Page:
December 11th, 2006


Dumbiedykes versus the net-and-jet people

I don't really remember Dumbiedykes, a slummy but charming area at the foot of the dramatic volcanic landscape of Queen's Park, Edinburgh, Scotland. It was demolished when I was 2. But, prompted by an interesting post by niddrie_edge, I spent quite a while this morning looking at photos of it on the fascinating EdinPhoto website, which documents my hometown.

Dumbiedykes was a fairly typical Edinburgh high-density, high-atmosphere tenement district. Looking at pictures now, of course, humdrum details are endlessly evocative: a Direct Supply Carpets lorry sitting in the dreich Edinburgh drizzle, a Tizer lemonade van parked on precipitous Arthur Street outside a William Younger bar. ("McEwan's is the best buy, the best buy in beer!") The stories of people who were there are also fascinating, as they peek into Baxendale's cardboard box factory (you can see its skylights in the top photo here) or steal eggs from a runaway Sunblest bread van.

I didn't really know Dumbiedykes, but I remember watching entire districts of Stockbridge being demolished in the late 1960s, dignified stone terraces full of the kind of atmosphere and spirit of place and community you see here. Just like Dumbiedykes, they were replaced by horrible flimsy structures which haven't stood the test of time well and won't be remembered fondly by anybody. (Had they let the "slums" at Salisbury Square stand, though, the city commissioners might have been amazed to discover that its dramatic setting would have bumped the prices there up to levels way beyond what the likes of me could afford by the turn of the century.)

Looking at these photos, I can't help thinking that my lifetime hasn't just seen the erasure of specific places, but of a certain idea of place itself. It's not just that particular streets and districts have changed their appearance, but that the whole concept of roots, space, place, being and belonging, have exploded. I know they have in my life. I've chosen to live far from the town where I grew up, with people of different cultures and races.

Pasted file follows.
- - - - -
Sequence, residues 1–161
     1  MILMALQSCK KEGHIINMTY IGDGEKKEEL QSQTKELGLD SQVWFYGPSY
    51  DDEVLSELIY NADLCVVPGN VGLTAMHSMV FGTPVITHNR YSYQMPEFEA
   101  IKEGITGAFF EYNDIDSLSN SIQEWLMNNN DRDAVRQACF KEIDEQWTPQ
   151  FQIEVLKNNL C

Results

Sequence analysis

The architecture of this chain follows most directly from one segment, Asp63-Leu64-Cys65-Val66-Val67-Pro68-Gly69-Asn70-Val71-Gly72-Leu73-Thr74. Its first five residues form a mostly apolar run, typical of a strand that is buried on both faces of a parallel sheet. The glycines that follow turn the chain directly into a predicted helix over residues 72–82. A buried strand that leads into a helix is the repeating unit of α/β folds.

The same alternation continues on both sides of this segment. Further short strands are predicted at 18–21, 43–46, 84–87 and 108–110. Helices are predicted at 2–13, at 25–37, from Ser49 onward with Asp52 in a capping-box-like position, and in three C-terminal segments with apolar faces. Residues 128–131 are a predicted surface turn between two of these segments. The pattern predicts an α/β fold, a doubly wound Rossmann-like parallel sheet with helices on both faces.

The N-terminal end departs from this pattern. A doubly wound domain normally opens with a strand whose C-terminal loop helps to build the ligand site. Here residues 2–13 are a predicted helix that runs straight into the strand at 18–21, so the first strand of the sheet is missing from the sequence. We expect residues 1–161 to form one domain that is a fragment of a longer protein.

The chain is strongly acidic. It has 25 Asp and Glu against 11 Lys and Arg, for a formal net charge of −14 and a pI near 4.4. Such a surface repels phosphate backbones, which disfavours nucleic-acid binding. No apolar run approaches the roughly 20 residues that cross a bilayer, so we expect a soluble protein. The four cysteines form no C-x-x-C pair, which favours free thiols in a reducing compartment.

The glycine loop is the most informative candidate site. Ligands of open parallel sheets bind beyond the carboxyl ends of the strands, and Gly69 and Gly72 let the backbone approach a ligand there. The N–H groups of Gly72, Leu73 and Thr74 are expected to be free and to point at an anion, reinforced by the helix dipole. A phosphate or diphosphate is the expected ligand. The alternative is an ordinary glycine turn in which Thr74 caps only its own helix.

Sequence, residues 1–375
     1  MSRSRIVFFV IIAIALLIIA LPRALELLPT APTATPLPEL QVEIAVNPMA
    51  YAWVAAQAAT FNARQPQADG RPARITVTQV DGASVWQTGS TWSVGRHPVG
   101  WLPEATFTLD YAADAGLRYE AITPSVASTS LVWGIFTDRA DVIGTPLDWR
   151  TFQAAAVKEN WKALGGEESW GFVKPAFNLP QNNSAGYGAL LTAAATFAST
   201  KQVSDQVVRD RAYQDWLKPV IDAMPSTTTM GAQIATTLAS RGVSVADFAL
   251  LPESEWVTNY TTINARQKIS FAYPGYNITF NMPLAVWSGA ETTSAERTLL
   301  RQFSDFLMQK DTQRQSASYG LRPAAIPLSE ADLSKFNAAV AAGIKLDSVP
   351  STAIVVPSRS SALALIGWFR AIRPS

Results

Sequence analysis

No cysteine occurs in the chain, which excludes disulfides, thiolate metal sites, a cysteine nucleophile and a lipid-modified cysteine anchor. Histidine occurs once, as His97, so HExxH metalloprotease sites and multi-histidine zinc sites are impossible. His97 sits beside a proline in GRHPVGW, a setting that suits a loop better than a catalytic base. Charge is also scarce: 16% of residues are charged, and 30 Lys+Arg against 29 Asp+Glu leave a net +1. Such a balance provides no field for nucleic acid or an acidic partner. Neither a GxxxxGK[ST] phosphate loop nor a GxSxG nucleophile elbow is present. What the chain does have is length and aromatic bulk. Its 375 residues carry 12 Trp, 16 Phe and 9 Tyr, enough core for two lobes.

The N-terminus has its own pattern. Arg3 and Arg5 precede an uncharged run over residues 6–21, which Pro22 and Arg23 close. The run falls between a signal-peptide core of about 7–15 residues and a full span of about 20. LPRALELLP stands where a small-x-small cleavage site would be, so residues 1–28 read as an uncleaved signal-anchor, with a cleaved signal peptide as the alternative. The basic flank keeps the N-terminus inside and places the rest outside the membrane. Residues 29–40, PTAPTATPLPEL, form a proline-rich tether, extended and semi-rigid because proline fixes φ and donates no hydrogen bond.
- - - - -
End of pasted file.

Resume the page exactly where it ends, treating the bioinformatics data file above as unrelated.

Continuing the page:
Fishing around for a photograph of Dumbiedykes in my own archives, I found one with a Japanese friend in the foreground. I think that says a great deal about the connections of people to places now. When I go back to Edinburgh now, I'm mostly showing it to Japanese people. I've internalized their expectations and tastes. (Not that I always get those right: in my Edinburgh podcast you can hear how terrified Hisae was on the Salisbury Crags path that overlooks Dumbiedykes.)

Places now live by the perceptions of people from the other side of the world as much as by the perceptions of their own residents, which is why, when I go back to Edinburgh now, I get -- rather than the city I once knew -- "the Edinburgh Experience", a highly self-conscious, cleverly mediated spectral city-shaped self-projection. Hogmanay, the Scottish New Year celebration, for instance, has changed in my lifetime from a bunch of drunk locals kissing strangers on the High Street to a micro-managed spectacle involving live music projected onto giant screens, co-ordinated with computer-controlled firework displays over a city centre cordoned off and tightly controlled by the police. A spectacle designed for, and capable of drawing, people from all over the world. People like me, in other words, net-and-jet people who arrive via airports and whose nostalgia for place is kindled by, and mediated through, websites. People who have an "estimated time of arrival" (ETA) and a "point of presence" (POP) rather than any sort of roots in blood and soil, bricks and mortar.

I don't say we ETA-POP net-and-jet people are bad; this is just the way things are, and the way we are now. Ultimately I wouldn't want a life with roots in Dumbiedykes in exchange for the opportunities I've had to experience -- and feel at home in -- Japan and all the other countries I visit. But it's a pretty big change to have happened in just one lifetime. We didn't just change places, we changed place.